, April 24, 2024

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From Tiny Bubbles to Big Lockdown

  •   4 min reads
From Tiny Bubbles to Big Lockdown
Photo: Jerome Ascaño / Reportr World
By Jing Montealegre

August 6, 2021 is another day which will ‘live in infamy’, second only to the March 15 Metro Manila lockdown last year and the subsequent lockdown of the entire island of Luzon. Intended to stop the upsurge of Covid cases triggered by the Delta variant, the latest ECQ restriction in the NCR will last for two weeks. Hopefully.

Many other areas in the country have been put under the same strict quarantine restriction. But with the kind of Covid response we’ve been getting from the authorities, we could expect hard lockdowns to be a recurring thing. It’s the go-to response of the government in this crisis.

We’re tired of hearing repeated calls for increased testing and contact tracing from all sectors – from doctors and health professionals, from the media, from senators, from just about anybody. We still have to see positive results: ramped-up testing to the desired 150,000 tests per day and dramatic improvement in our contact tracing. We’ve been stuck in the 40 to 50 thousand tests per day for the longest time now. And we have a Testing Czar who talks about vaccines and just about everything but never about testing in his TV interviews. We wonder why.

www.worldometers.info, which monitors and reports Covid cases worldwide, ranks the Philippines as number 22 among countries with the worst Covid cases, up from number 25 just three months ago. As of August 12 the Philippines has tested 156,114 per million of her population. Here’s how we compare with the 25 worst-hit countries in the world in tests per-million-population: USA (1,654,150); India (349,357); Brazil (256,888); Russia (1,168,461); France (1,693,717); UK (3,714,734); Turkey (828,060); Argentina (446,531), Cambodia (450,096); Spain (1,249,965); Italy (1,321,165); Iran (314,496); Germany (804,674); Indonesia (103,376); Mexico (68,241); Poland (504,215); South Africa (255,470); Ukraine (267137); Peru (476340); Netherland (946,323); Iraq (329,613); Philippines (156,114); Czechia (3,182,449); Chile (996,165); Canada (1,026,660).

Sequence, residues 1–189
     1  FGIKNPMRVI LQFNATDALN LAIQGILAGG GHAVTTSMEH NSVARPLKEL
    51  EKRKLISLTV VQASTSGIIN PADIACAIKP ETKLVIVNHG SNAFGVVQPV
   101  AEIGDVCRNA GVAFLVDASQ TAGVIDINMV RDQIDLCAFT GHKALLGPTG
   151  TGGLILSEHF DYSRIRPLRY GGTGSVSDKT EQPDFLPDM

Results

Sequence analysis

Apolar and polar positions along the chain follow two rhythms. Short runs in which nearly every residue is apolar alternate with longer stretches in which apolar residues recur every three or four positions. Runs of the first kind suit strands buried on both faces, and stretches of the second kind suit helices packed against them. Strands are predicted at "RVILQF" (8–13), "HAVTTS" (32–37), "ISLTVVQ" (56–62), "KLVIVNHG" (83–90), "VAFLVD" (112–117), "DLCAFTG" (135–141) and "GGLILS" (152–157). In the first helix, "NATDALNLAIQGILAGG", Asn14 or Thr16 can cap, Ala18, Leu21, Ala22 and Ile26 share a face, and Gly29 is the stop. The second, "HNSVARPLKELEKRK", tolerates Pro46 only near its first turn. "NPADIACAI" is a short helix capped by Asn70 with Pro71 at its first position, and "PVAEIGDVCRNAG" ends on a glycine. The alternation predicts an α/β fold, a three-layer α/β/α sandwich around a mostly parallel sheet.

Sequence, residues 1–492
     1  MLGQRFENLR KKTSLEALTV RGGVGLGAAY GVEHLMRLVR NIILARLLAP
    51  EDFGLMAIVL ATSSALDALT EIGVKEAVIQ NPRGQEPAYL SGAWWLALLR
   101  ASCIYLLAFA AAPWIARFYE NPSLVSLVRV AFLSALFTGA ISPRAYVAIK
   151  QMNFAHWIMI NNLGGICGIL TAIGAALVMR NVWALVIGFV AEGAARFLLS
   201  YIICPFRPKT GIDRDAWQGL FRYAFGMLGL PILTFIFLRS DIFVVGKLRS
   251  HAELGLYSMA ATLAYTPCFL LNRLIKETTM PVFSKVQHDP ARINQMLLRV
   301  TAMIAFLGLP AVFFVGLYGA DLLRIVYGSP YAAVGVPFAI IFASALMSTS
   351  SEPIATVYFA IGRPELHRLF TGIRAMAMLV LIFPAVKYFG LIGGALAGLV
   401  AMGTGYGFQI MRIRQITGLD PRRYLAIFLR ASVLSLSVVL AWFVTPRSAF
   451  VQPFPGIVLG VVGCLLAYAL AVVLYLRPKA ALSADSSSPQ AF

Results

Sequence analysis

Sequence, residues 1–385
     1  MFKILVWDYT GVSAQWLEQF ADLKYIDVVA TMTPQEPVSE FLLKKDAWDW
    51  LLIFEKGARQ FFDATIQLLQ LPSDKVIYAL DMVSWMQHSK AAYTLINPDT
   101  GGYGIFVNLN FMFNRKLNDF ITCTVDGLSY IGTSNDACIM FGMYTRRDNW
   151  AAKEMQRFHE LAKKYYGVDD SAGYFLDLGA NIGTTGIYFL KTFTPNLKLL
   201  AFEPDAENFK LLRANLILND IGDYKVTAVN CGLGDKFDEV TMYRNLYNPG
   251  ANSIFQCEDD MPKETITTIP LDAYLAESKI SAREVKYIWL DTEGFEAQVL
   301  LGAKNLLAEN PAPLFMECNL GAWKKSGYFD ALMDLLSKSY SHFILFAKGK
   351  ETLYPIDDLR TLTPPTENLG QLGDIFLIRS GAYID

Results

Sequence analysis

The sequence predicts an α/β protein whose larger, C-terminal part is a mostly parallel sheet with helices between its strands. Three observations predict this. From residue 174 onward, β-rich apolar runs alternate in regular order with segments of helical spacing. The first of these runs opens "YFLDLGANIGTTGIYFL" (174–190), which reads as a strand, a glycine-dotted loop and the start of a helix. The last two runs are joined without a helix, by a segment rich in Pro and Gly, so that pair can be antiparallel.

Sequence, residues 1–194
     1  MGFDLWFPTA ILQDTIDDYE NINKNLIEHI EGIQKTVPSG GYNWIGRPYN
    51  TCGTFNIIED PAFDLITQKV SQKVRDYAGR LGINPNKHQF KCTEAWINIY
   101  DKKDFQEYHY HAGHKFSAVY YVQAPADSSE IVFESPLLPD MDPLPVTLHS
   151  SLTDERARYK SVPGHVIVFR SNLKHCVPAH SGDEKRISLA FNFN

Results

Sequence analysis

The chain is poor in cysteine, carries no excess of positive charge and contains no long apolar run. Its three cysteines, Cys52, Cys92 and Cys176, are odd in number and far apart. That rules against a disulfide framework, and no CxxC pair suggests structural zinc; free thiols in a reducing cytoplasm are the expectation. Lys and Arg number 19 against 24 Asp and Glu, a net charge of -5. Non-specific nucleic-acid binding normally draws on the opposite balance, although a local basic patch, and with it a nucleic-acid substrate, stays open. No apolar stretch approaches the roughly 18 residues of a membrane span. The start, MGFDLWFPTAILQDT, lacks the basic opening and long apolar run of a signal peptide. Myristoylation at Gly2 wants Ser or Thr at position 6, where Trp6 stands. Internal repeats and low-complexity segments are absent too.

Of the top 25 worst-hit countries only Mexico and Indonesia have tested less per-million-population than the Philippines.

Dr. john Wong, a medical adviser to the NTF, has said previously that managing the rise of Covid cases will depend primarily on “how fast each city and municipality can identify people with symptoms and test, isolate and quarantine them, and what percent of cases and close contacts complete their isolation and quarantine period, respectively; in indoor businesses with crowds, how well they are observing the 2-out-of-3 rule – ventilation, masking, social distancing; and how fast we can increase the pace of vaccination to 350,000 shots per day.”

While we’re pushing hard to get as many of the population vaccinated, we remain sadly deficient in testing and contact tracing. We could only guess this is due to limited resources: we don’t have enough money to ramp up free testing of exposed and vulnerable individuals, groups and communities, let alone fully fund extensive contact tracing.

But being poor is no excuse for incompetence and inefficiency. We have thrown away gains we’ve achieved last year through poor thinking and poor planning. Like a business vying for competitiveness and market share, we’ve launched ourselves into the market without a marketing plan - no marketing objectives, no marketing strategies, no monthly sales targets, and no evaluation and monitoring of these plans to see if we’re meeting stated targets.

The authorities assure us they’re on top of the crisis with their impressive PDITR Strategy which they flaunt every now and then. But how are we doing now? Was there a set of clearly-defined and specific objectives and timetable under PDITR? Who are accountable for success or failure?

The band aid solutions being prescribed, some new, some reapplied - such as border controls, curfews, liquor ban, etc. - will not bring down the number of cases in the country without the rigid application of aggressive pandemic control: active surveillance, testing, contact tracing, isolation, and vaccination.

So, what awaits us in the weeks after this lockdown if some key sectors of government continue to underperform and bureaucratic inefficiencies remain?  A good doctor was probably right when she said early this year that lockdowns are useless without the “systemic changes” in the government’s Covid response, without the proactive and aggressive actions needed to defeat a wily enemy. Indeed, we have to bring the fight to the virus and not merely wait for it to come to us in our trenches, in our defensive perimeters and lockdowns. Speaking in warfare terms, we should be launching offensives against this enemy and not merely defend ourselves from attack by digging trenches and hiding behind sandbagged foxholes. That’s what lockdowns and mobility controls amount to. Let’s get cracking and take the fight to the enemy now.

It’s a downright bleak picture if this government couldn’t find the wherewithal to ramp up surveillance, testing and contact tracing. It’s like fighting a war blindsided for lack of intelligence. We do not know where the enemy is and when he will strike. Sanabagan.

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